A. Identical or Confusingly Similar
The Panel concludes that the disputed domain name <wwwziprecruiter.com> is confusingly similar to the ZIPRECRUITER trademark in which Complainant has rights.
The disputed domain name incorporates the ZIPRECRUITER trademark in its entirety. Numerous UDRP panels have recognized that incorporating a trademark in its entirety can be sufficient to establish that the disputed domain name is at least confusingly similar to a registered trademark (see e.g., PepsiCo, Inc. v. PEPSI, SRL (a/k/a P.E.P.S.I.) and EMS Computer Industry (a/k/a EMS), WIPO Case No. D2003-0696). Moreover, it has been held in many UDRP decisions and has become a consensus view among UDRP panels that the addition of other terms (whether descriptive or otherwise) to a trademark in a domain name would not prevent a finding of confusing similarity under the first element of the UDRP (see WIPO Overview of WIPO Panel Views on Selected UDRP Questions, Third Edition (“WIPO Overview 3.0”), section 1.8), and that a domain name which consists of a common, obvious or intentional misspelling of the complainant’s trademark (i.e. a typosquatting) is still considered to be confusingly similar to the relevant trademark for purposes of the first element under the UDRP (see WIPO Overview 3.0, section 1.9). Accordingly, the Panel finds that the mere addition of the prefix “www” (for “World Wide Web”) is not at all capable to dispel the confusing similarity arising from the incorporation of Complainant’s entire ZIPRECRUITER trademark into the disputed domain name, especially given the fact that such addition obviously aims at constituting a common typosquatted domain name.
Therefore, Complainant has established the first element under the Policy as set forth by paragraph 4(a)(i).
B. Rights or Legitimate Interests
The Panel is further convinced on the basis of Complainant’s undisputed contentions that Respondent has not made use of the disputed domain name in connection with a bona fide offering of goods or services, nor has Respondent been commonly known by the disputed domain name, nor can it be found that Respondent has made a legitimate noncommercial or fair use thereof without intent for commercial gain.
Respondent has not been authorized to use Complainant’s ZIPRECRUITER trademark, either as a domain name or in any other way. Also, there is no reason to believe that Respondent’s name somehow corresponds with the disputed domain name and Respondent does not appear to have any trademark rights associated with the term “Ziprecruiter” or any variation thereof on its own. Finally, Respondent obviously has neither used the disputed domain name for a bona fide offering of goods or services nor for a legitimate noncommercial or fair purpose. On the contrary, the disputed domain name resolves to typical PPC website showing a variety of hyperlinks to third parties’ websites, including direct competitors of Complainant in the online recruitment industry, for the obvious purpose of generating PPC revenues. UDRP panels agree that using a domain name to host a PPC website does not present a bona fide offering where such links compete with or capitalize on the reputation and goodwill of the complainant’s trademark or otherwise mislead Internet users (see WIPO Overview 3.0, section 2.9).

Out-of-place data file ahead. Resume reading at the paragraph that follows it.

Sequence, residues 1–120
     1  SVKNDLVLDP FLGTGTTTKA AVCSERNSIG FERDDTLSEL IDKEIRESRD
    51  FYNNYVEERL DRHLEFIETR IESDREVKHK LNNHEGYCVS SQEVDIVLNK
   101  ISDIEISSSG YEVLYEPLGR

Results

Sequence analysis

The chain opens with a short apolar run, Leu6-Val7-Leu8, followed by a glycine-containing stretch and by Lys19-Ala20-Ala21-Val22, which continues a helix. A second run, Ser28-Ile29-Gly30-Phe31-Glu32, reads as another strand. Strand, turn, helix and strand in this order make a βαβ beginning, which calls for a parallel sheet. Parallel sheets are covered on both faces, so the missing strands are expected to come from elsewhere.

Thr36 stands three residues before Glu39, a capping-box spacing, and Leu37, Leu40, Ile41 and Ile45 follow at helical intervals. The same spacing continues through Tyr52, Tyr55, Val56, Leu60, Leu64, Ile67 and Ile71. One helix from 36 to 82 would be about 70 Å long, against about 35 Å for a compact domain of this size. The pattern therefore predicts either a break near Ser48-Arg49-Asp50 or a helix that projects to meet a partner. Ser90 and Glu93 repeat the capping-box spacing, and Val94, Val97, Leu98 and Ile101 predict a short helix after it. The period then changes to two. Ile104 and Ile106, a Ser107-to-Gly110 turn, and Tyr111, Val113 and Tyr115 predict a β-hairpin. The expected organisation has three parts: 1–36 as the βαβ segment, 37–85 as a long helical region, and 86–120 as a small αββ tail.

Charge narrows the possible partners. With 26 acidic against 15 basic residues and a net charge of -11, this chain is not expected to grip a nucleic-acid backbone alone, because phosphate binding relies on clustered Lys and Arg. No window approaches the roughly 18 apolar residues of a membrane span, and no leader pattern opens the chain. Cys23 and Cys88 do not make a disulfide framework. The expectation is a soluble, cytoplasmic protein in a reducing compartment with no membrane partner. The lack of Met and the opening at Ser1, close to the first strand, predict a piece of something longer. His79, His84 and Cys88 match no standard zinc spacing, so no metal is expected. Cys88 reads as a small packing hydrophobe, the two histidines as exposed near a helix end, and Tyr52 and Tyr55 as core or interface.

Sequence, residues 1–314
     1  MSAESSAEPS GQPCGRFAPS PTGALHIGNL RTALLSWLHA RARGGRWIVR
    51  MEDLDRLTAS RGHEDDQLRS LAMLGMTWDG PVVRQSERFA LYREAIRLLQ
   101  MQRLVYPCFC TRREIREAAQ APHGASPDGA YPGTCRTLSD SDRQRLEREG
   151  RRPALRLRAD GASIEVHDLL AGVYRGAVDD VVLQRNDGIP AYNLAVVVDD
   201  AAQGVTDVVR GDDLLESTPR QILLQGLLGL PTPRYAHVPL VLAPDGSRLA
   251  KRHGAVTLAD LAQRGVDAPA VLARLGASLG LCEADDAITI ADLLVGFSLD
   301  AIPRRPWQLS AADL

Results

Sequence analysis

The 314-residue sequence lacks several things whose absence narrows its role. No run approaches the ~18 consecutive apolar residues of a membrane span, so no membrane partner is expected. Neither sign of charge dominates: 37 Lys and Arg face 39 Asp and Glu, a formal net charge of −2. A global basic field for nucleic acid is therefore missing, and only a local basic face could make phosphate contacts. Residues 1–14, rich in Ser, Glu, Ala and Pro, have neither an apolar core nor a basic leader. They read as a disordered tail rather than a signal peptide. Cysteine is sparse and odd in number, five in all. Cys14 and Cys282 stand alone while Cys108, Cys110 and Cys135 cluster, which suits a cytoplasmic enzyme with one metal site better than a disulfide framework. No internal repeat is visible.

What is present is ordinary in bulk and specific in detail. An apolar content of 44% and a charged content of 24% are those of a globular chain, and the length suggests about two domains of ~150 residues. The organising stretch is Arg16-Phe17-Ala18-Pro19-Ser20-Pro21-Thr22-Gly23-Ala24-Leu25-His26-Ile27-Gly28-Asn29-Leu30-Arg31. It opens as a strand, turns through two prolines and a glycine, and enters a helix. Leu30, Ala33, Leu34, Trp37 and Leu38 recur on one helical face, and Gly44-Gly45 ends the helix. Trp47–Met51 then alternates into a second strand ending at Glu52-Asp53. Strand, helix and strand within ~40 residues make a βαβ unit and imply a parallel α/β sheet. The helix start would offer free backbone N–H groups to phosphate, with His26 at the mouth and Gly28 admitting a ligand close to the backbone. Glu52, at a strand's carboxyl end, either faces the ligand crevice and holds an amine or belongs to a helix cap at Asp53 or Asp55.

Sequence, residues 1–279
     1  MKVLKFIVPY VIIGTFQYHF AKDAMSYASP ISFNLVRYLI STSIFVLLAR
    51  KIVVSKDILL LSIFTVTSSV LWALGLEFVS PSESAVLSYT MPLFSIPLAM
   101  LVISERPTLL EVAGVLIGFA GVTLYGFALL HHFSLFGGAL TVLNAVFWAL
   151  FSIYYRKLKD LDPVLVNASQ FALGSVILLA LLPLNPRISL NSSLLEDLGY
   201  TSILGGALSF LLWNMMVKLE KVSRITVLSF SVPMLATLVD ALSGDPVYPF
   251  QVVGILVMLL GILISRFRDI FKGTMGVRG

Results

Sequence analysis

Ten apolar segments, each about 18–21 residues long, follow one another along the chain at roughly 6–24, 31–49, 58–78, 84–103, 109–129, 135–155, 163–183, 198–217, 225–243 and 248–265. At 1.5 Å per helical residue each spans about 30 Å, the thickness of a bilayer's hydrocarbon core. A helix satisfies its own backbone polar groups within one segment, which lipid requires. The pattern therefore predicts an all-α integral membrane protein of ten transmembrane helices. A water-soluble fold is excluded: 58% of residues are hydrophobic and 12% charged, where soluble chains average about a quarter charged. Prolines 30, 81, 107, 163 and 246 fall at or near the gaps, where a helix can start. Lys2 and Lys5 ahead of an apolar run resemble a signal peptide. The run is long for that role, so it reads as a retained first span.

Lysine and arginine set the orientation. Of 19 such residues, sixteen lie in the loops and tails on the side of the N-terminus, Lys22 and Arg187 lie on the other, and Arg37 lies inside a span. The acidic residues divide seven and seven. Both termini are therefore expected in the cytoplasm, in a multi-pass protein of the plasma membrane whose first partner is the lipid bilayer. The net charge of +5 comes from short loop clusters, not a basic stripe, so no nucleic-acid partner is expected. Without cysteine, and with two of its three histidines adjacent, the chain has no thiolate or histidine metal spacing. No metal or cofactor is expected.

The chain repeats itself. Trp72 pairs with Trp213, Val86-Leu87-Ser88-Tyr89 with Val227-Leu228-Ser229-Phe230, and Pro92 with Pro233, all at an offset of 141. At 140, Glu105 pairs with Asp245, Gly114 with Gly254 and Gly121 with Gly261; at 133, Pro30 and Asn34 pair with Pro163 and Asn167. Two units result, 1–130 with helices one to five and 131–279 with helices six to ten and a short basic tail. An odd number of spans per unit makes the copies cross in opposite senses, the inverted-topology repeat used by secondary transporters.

Accordingly, Complainant has established a prima facie case that Respondent has no rights or legitimate interests in the disputed domain name. Now, the burden of production shifts to Respondent to come forward with appropriate evidence demonstrating to the contrary (see WIPO Overview 3.0, section 2.1). Given that Respondent has defaulted, Respondent has not met that burden.
Therefore, the Panel finds that Complainant has also satisfied paragraph 4(a)(ii) and, thus, the second element of the Policy.
C. Registered and Used in Bad Faith
The Panel finally holds that the disputed domain name was registered and is being used by Respondent in bad faith.
Resolving the disputed domain name, which is confusingly similar to Complainant’s ZIPRECRUITER trademark, to a typical PPC website showing a variety of hyperlinks to active third parties’ websites, which include even some of Complainant’s direct competitors in the online recruitment industry, for the obvious purpose of generating PPC revenues, is a clear indication that Respondent intentionally attempted to attract, for commercial gain, Internet users to its own website by creating a likelihood of confusion with Complainant’s ZIPRECRUITER trademark as to the source, sponsorship, affiliation or endorsement of this website. Such circumstances are evidence of registration and use of the disputed domain name in bad faith within the meaning of paragraph 4(b)(iv) of the Policy.
In connection with this finding, it not only carries weight in the eyes of the Panel that Respondent has been a party to many other UDRP proceedings which found against Respondent, and that it kept silent on Complainant’s pre-procedural correspondence of January/February 2020, but also that Respondent made use of a WhoIs privacy service in order to conceal its true identity, and in addition provided false or incomplete contact information in the WhoIs register for the disputed domain name since, according to the email correspondence between the Center and the postal courier DHL, the Written Notice on the Notification of Complaint dated March 6, 2020, could not be delivered. All of these facts taken together throw a light on Respondent’s behavior, which strongly supports the Panel’s bad faith finding.
As general comment, the Panel has still noted that Respondent registered the disputed domain name already back in December 2012; however, at this point of time Complainant enjoyed registered rights in its ZIPRECRUITER trademark already for more than 20 months. Accordingly, with respect to the timing of the registration of Complainant’s ZIPRECRUITER trademark and Respondent’s disputed domain name, there is no reason for this Panel not to find that Respondent acted in bad faith.
Therefore, Complainant has also satisfied the third element under the Policy as set forth by paragraph 4(a)(iii).
For the foregoing reasons, in accordance with paragraphs 4(i) of the Policy and 15 of the Rules, the Panel orders that the disputed domain name <wwwziprecruiter.com> be transferred to Complainant.
Stephanie G. Hartung
Date: April 22, 2020
1 It is evident from the case file that On behalf of wwwziprecruiter.com Owner, c/o whoisproxy.com, United States, is a privacy protection service and that Amir Cohen, Hush Privacy Protection Ltd., Seychelles is the underlying registrant of the disputed domain name. Therefore, unless otherwise indicated, the term “Respondent” is used by the Panel in the case at hand to refer to the latter underlying registrant only.